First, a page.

These days approximately 80% of home buyers use the internet to research homes. An important part of that research is pictures, as it allows the prospective buyer to get a sense of updates, layout, and room sizes in the home. However, often these pictures can be deceiving, or at least deliver a message. Here are some patterns I’ve seen after looking at hundreds of pictures online, and then actually viewing those homes in person.
1. On Realtor.com, if there is only 1 picture available, it doesn’t necessarily mean that the house needs a lot of work. Realtor.com charges agents thousands of dollars a year for an “enhanced” package, which allows us to post multiple pictures. If the agent doesn’t pay for the enhanced package, they only get one picture fed in from the Multiple Listing Service, and that’s usually an exterior shot of the home.
2. If you are looking at a company-specific website, say Raveis.com, and there is only 1 picture, the house may need a lot of work. Company-specific sites let the agent upload multiple pictures. If you don’t see multiple pictures on a company sponsored website, the house could need a lot of work, or the agent may be lazy and didn’t take more than 1 picture.
3. If there are no pictures of the yard, it may not be usable or it might be undesireable in some way. For example, it may be very close to the neighbor’s house or sloped and rocky.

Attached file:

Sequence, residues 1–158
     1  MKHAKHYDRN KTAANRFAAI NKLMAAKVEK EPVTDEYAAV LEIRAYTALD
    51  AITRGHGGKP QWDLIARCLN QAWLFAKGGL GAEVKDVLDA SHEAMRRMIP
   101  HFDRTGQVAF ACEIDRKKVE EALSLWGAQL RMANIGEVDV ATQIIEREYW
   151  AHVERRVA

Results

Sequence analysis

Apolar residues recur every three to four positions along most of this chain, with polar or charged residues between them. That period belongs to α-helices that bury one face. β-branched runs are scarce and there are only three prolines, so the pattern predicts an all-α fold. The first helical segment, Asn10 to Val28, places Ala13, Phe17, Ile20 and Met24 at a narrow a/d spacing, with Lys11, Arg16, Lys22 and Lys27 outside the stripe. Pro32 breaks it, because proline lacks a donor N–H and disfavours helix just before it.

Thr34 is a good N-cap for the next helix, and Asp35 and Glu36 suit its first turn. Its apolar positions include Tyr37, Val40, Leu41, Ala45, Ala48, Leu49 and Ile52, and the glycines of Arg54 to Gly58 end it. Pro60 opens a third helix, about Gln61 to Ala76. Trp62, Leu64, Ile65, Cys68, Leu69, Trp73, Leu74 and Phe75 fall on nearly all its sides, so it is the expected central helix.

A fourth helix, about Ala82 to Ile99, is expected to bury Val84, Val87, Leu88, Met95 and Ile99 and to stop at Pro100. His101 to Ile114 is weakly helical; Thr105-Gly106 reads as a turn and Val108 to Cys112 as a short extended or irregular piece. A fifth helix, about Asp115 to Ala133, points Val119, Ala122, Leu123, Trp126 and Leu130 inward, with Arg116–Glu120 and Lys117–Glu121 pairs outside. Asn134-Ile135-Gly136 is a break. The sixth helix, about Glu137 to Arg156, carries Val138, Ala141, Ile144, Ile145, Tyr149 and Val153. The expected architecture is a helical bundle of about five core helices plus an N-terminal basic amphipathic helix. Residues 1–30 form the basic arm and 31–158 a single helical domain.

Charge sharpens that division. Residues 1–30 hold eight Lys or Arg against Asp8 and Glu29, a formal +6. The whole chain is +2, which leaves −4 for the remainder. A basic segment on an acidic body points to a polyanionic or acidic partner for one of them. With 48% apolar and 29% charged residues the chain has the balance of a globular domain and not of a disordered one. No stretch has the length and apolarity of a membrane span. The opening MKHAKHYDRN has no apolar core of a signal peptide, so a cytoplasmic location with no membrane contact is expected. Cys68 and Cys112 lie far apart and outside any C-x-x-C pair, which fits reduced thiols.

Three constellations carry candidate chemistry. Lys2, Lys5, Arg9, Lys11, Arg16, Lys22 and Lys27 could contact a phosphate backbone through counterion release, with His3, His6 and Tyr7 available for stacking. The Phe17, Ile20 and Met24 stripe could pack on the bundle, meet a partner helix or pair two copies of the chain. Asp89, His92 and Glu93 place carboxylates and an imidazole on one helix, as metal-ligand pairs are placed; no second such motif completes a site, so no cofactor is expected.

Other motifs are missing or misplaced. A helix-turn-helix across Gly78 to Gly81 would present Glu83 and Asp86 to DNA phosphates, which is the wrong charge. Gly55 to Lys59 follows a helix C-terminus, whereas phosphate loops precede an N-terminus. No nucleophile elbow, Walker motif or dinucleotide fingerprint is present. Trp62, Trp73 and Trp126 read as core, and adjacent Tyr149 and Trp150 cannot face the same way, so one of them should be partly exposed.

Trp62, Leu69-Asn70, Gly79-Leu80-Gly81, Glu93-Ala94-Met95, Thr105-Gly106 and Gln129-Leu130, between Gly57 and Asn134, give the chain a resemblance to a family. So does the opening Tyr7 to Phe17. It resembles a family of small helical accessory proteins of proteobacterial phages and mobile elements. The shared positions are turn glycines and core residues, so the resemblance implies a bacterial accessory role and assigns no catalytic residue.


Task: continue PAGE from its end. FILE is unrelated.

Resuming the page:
4. If there are no pictures of the kitchen or bathrooms, they may need to be updated. Kitchens and baths sell homes. If the agent didn’t take pictures of these rooms, they are sending a message.
5. If the bed appears to be taking up the entire room in a bedroom picture, it most likely is. You can confirm bedroom sizes by looking at the dimensions which are usually provided.
6. If there are multiple photos of the kitchen and not many other pictures, the kitchen may be the nicest part of the house and other areas may have been sacrificed to fund the kitchen improvement.
These are some general rules of thumb that may help you narrow down house choices when you’re searching online. Or, it may be the starting point for a conversation with your agent. S/he may have seen the house and could provide some insight on whether it might be a good fit for your needs.